Skip to main content

IPv6 With Network Manager on Hetzner Cloud

Major Hayden has a wonderful blogpost about using Fedora CoreOS at my favourite cloud service provider, Hetzner Cloud. However, a machine deployed this way doesn’t have a working IPv6 connection. Since Fedora CoreOS ships with Network Manager, it’s easy to fix this with just a few nmcli commands.

First, you need to find out which subnet you have been assigned. If you are using the hcloud CLI, just run:

$ hcloud server ip -6 <YOUR SERVER NAME>

The command actually gives you the first address of the subnet, which has a prefix of /64. So the subnet assigned to your instance is 2a01:4f8:c17:a049::/64. If you are not using the CLI client, you can find the subnet in the instance’s overview.

Now, you need to decide which address from the subnet you actually want to use for the server. Conveniently, you can use the first one (which is actually the output from the hcloud command above), so we will use 2a01:4f8:c17:a049::1 for this example.

It’s time to change the network configuration on the server! Run the following commands as root. I assume that your connection is called Wired connection 1 which is the default name for Fedora CoreOS.

nmcli connection modify 'Wired connection 1' ipv6.addresses <The address from the previous step>
# For this example, it's 2a01:4f8:c17:a049::1
nmcli connection modify 'Wired connection 1' ipv6.method manual
nmcli connection modify 'Wired connection 1' ipv6.gateway fe80::1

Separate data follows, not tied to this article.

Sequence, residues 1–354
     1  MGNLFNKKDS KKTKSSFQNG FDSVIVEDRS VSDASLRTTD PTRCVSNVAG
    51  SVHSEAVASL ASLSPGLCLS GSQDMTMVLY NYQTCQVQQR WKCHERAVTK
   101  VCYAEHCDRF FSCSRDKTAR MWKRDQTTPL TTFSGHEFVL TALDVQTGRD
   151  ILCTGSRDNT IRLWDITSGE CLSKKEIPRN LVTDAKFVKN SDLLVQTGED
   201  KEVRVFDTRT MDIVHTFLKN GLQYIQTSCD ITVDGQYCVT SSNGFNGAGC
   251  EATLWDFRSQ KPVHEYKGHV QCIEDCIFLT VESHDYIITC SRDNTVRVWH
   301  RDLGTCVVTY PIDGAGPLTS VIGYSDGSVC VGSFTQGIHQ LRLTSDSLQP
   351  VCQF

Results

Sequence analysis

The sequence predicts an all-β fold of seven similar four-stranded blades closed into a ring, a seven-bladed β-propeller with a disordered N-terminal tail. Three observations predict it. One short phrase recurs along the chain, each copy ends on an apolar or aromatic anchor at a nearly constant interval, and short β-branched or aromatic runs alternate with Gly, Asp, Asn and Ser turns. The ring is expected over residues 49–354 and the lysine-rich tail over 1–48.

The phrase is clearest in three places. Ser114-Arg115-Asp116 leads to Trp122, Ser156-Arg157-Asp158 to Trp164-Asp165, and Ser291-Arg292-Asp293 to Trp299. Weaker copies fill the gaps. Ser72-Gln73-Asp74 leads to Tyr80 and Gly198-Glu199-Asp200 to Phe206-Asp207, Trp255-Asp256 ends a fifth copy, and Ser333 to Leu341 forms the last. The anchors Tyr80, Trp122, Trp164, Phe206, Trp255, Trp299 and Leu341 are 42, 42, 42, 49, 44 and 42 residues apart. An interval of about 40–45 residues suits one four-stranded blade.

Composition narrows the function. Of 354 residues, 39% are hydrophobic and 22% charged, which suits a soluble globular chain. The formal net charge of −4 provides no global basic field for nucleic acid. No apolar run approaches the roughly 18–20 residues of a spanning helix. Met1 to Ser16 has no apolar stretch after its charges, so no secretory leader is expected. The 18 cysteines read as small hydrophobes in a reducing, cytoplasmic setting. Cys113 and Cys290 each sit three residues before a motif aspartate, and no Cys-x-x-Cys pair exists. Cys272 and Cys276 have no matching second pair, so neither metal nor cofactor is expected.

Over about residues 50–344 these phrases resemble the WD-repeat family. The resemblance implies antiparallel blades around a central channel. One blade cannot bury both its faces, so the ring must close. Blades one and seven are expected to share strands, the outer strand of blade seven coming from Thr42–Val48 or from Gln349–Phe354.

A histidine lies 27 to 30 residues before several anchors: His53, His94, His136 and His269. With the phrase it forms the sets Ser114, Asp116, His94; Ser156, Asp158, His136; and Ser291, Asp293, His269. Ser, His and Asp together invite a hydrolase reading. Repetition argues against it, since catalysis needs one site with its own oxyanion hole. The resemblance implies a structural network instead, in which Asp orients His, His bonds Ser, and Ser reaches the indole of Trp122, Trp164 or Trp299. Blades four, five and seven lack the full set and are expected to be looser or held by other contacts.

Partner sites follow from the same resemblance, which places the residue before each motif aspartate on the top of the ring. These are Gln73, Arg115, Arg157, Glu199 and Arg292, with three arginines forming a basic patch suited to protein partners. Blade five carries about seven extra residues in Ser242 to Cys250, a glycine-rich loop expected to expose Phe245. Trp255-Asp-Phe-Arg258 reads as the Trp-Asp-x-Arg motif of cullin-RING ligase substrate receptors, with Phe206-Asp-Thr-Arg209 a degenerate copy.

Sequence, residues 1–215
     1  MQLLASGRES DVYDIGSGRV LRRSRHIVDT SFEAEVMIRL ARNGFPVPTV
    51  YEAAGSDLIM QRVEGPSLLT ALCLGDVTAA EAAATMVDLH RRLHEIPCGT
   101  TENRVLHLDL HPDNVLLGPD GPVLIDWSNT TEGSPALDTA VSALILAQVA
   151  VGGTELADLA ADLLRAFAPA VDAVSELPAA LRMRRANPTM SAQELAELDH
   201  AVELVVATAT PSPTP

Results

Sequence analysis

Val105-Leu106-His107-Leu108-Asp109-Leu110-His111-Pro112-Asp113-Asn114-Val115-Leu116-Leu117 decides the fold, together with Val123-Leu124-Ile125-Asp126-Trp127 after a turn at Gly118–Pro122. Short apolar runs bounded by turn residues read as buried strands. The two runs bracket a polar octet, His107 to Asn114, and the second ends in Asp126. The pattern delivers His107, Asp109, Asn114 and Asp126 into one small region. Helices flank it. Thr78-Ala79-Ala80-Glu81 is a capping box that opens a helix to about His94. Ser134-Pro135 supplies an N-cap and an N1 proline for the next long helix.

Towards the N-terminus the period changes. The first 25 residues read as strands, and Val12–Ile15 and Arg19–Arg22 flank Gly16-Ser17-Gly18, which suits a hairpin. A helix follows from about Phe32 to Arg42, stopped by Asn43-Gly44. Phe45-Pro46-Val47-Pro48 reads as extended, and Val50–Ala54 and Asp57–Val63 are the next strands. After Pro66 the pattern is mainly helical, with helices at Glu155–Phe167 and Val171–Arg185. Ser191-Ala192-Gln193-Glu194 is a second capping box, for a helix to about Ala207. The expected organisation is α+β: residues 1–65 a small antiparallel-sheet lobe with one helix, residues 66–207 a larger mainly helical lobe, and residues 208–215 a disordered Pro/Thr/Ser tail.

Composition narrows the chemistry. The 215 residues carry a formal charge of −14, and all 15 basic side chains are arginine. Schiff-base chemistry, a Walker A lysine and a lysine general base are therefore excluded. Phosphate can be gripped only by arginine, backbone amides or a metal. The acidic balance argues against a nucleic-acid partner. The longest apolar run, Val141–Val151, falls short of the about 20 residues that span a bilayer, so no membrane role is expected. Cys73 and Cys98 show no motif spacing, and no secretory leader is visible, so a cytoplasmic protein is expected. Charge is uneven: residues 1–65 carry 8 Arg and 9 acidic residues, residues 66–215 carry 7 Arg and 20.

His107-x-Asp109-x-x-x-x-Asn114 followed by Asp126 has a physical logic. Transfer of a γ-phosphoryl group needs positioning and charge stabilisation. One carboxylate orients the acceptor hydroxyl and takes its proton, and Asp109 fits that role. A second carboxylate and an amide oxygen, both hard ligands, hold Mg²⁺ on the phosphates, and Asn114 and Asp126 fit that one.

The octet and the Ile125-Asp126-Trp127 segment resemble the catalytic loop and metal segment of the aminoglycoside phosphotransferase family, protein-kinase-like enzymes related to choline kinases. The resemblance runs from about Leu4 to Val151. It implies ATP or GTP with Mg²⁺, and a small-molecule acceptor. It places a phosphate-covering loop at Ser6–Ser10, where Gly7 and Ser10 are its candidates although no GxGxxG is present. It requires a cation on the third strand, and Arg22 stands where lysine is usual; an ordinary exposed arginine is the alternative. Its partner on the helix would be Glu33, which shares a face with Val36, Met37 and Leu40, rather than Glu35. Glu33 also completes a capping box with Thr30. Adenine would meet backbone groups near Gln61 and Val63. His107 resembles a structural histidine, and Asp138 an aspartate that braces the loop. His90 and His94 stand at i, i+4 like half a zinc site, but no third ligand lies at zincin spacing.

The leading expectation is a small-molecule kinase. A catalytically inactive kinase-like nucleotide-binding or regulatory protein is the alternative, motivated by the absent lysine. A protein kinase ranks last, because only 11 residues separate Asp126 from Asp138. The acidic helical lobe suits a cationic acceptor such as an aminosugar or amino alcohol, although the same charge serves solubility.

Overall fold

nmcli connection modify 'Wired connection 1' ipv6.dns 2a01:4ff:ff00::add:1,2a01:4ff:ff00::add:2
nmcli connection up 'Wired connection 1'

Let’s take a closer look at these commands:

  • The first one adds the IP address from the subnet that Hetzner gives us
  • ipv6.method manual disables any attempts by Network Manager to autoconfigure the global address (using RA or DHCPv6)
  • ipv6.gateway fe80::1 sets the address of the default gateway, this value is taken from Hetzer’s docs
  • ipv6.dns configures the DNS servers for IPv6, again taken from the docs
  • Finally, the last command reloads the configuration.

From now on, your server should be fully IPv6 enabled! You can now try to access IPv6-only websites from the server:

curl -6

and connect to the server’s SSH server from another location:

ssh <YOUR USER>@2a01:4f8:c17:a049::1

And that’s it! Note that I’m still an IPv6 beginner, so if you find any mistakes, ping me at